Carrying the Cargo to Cape York

Artworks on display at Horn Island Museum

The first time I sailed around Cape York I was kitted out in full wet weather gear more commonly seen in cooler higher latitudes. Reefed down to tiny handkerchief-sized sails, white knuckles straining against the pressure on the helm, we bashed and crashed our way around the Cape into south easterly trade winds. Navigating our small yacht southwards, I barely had the chance to reflect on the significance of sailing past Australia’s’ most northerly point. Gusty winds whip northwards up the Cape York Peninsula, making it a difficult passage for small boat sailors heading south down the east coast of Australia.

The second time I rounded Cape York, beneath a striking scarlet sunset, was far more civilized. With chilled sauvignon blanc in hand on a calm, windless sea, dusk fell quietly over MV Trinity Bay as we slipped gently around the cape.
We’d left Cairns a few days earlier on the weekly Sea Swift voyage to service remote Torres Strait communities. Vying for space amidst the shipping containers, 4WD vehicles and a fuel truck, shiny new aluminum dinghies (also known as tinnies) glisten in the sun on the fully laden cargo deck.

“We’re carrying a couple of TI Commodores which we’ll unload at Thursday Island,” says Captain David Baume, referring to the fleet of tinnies strapped down forward of the Bridge that will soon become the ‘family wagon’ for some fortunate Torres Strait  islanders.

Cargo deck on MV Trinity Bay

“A lot of people in the Torres Strait don’t own cars, but they just about all own small these runabouts,” Dave explains to our small group of passengers. Manning the Bridge of MV Trinity Bay kitted out in khaki’s and thongs, Dave has navigated the shipwreck-strewn waters of the Great Barrier Reef for 27 years.

Departing Cairns mid afternoon, once all cargo is loaded and secured, we spend two pleasant nights cruising the Great Barrier Reef before rounding Cape York and entering the Straits. Leaving the barely-there coral cays of the Reef in our wake, we’re soon amidst lushly forested, hilly islands. Dawn heralds our arrival into the Straits: the real purpose of our six day voyage. The horizon is dotted with islands, many of which are home to isolated communities who rely upon this weekly supply service.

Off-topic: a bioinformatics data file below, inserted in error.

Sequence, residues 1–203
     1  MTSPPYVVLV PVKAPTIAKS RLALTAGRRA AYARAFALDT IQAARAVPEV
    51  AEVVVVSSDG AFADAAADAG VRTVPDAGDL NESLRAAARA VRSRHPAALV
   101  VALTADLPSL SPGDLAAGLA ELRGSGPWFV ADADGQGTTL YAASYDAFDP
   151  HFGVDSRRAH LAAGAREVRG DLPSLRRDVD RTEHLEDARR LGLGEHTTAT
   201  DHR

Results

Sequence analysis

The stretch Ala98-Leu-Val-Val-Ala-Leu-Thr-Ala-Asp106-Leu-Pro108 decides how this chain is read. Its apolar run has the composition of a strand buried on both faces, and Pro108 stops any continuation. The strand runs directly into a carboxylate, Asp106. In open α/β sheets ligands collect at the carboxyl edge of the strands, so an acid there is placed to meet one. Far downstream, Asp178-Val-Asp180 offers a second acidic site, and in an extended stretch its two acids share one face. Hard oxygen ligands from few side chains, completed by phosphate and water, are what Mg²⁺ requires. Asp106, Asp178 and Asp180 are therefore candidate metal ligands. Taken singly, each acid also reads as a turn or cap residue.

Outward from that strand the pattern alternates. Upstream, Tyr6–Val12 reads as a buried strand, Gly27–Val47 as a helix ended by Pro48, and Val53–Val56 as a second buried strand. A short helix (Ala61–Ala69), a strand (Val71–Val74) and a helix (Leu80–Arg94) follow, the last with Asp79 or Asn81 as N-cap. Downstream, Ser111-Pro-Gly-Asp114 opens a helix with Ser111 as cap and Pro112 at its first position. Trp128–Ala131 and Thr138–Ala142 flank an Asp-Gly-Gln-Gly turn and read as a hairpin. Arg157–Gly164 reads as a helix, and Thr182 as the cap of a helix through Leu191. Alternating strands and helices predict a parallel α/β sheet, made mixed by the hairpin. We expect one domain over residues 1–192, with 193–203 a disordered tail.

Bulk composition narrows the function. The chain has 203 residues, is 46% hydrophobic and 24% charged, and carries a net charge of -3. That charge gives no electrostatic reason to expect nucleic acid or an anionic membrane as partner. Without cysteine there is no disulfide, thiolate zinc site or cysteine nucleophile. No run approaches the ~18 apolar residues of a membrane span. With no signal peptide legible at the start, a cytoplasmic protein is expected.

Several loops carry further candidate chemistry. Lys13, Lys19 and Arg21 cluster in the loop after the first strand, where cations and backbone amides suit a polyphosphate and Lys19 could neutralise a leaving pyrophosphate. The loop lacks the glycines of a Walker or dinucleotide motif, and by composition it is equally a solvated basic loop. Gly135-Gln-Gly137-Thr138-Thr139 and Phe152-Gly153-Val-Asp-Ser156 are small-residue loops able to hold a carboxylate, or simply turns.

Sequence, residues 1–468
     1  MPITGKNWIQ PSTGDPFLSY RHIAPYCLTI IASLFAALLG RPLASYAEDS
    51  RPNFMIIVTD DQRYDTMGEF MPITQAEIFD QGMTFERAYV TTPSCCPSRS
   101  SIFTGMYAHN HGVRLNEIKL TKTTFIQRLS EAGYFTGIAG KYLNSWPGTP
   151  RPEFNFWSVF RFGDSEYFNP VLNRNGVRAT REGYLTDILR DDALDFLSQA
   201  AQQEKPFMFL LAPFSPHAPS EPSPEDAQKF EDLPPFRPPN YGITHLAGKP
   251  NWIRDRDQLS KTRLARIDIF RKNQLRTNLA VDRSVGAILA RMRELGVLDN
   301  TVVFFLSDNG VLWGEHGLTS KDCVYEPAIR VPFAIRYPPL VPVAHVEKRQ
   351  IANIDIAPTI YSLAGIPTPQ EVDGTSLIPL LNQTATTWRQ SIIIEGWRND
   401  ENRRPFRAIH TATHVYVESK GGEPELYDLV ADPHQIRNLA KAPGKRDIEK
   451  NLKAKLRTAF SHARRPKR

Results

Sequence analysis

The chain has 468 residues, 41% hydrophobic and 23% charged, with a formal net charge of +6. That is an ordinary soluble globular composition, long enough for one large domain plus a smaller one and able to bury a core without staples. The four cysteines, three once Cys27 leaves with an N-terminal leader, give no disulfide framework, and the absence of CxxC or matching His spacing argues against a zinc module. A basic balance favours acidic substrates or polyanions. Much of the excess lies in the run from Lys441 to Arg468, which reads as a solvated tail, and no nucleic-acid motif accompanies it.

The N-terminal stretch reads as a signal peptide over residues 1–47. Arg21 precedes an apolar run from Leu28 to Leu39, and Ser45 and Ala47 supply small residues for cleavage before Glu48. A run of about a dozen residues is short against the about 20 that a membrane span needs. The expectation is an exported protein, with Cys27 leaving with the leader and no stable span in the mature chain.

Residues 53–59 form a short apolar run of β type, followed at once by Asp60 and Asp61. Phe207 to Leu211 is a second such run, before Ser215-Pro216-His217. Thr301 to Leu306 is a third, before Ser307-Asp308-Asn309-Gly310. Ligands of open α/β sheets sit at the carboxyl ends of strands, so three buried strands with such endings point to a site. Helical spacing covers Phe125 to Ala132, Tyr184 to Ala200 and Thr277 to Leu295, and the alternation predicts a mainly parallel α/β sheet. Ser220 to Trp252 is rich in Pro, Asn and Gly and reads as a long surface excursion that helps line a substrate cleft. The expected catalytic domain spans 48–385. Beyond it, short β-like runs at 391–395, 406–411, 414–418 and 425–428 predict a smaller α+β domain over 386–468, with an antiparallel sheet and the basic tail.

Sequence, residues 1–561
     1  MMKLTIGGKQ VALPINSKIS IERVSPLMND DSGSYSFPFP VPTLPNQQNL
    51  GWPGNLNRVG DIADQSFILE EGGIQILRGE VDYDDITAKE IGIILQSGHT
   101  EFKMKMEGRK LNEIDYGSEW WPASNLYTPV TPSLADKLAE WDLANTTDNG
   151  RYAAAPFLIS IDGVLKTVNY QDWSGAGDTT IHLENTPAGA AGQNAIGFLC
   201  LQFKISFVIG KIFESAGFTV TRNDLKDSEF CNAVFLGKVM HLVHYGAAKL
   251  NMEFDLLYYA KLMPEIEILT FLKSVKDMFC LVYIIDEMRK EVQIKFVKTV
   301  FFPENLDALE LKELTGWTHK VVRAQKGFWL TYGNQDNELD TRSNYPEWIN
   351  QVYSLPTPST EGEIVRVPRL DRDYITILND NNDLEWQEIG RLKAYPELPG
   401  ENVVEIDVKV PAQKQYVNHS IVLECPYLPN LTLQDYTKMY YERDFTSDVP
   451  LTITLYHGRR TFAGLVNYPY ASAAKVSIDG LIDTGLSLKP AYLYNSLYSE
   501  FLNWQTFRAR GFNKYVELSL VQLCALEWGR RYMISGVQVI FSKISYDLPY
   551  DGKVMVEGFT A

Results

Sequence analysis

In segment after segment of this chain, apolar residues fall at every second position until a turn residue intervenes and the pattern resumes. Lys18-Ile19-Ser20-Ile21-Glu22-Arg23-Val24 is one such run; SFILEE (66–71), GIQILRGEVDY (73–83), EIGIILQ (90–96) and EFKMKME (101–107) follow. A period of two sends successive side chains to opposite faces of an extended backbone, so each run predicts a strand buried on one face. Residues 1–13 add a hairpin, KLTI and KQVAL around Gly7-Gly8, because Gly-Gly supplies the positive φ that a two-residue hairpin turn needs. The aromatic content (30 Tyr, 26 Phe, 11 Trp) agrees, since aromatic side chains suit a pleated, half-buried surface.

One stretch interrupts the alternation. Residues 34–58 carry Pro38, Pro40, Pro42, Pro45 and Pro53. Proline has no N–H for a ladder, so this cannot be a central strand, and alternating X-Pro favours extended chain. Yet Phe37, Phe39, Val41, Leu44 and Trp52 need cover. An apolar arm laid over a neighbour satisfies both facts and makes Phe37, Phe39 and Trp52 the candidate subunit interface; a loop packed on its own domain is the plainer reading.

Passengers relax on the aft deck

While mail, newspapers and urgent freight are flown in to Horn Island, most essential supplies arrive by sea. Part of Trinity Bay’s cargo includes refrigerated containers containing fresh fruit, vegetables and groceries. Though cargo is definitely the main purpose of our voyage, passenger transport comes a close second. Most of my fellow passengers are onboard for the return voyage from Cairns simply to experience the novel pleasures of freighter travel. Along the way we also drop off crew, fuel and water to other Sea Swift vessels, including a mid-ocean transfer when the Lockhart River barge rendezvous’ with us offshore.

Onboard there are 16 passenger cabins accommodating a maximum of 45 passengers. My fellow passengers are an intrepid lot, ranging in age from a young couple with a four month old through to a much-travelled 85 year old lady travelling solo. All are onboard based on recommendations from friends or family, a sort of coconut telegraph that keeps cabins full, particularly during the cooler dry season (April to October).

Dawn in the Torres Strait

Passenger cabins are spacious, comfortable and air-conditioned, many with ensuites, others with own vanity basins and shared bathrooms. Meals are taken in the aft salon which is the social hub of Trinity Bay, acting as restaurant, bar and social gathering place. With large panoramic windows,  tea, coffee and snacks are available in the saloon 24 hours a day. Though she’s far from a luxury cruise liner, meals quickly become the highlight of each day. Hungry, hardworking crew members (and idle passengers) require regular sustenance. The Chef dishes up superb, robust meals, along with special treats such as pavlova and scones for morning and afternoon tea.

Horn Island is our first port of call, and while the crew is busy unloading the TI Commodores amongst other cargo, passengers take the opportunity to explore the small island of around 350 residents. Back onboard a few hours later, with cargo operations completed before lunch, our next stop is TI, just a short hop across the passage.

Arriving on a Sunday, Australia’s most northern pub, the Torres Hotel, is one of the few businesses open. Next door at the Quetta Church, our Anglican guide Thomas explains that most islanders celebrate the ‘Coming of the Light’ on 1 July each year, in recognition of the impact Missionaries had on island life.

Cargo is unloaded from MV Trinity Bay at Seisia Wharf

Our last port of call is the mainland town of Seisia. Kids fishing from the jetty wind up their hand lines as we dock, ignoring the large saltwater crocodile cruising the shallows. Crocs are just another fact of life in the Straits, where isolated communities deal with whatever nature throws their way. The weekly visit from Trinity Bay makes life just that little bit easier. Including rounding Australia’s most northern Cape.

Verdict: Highly recommended

 

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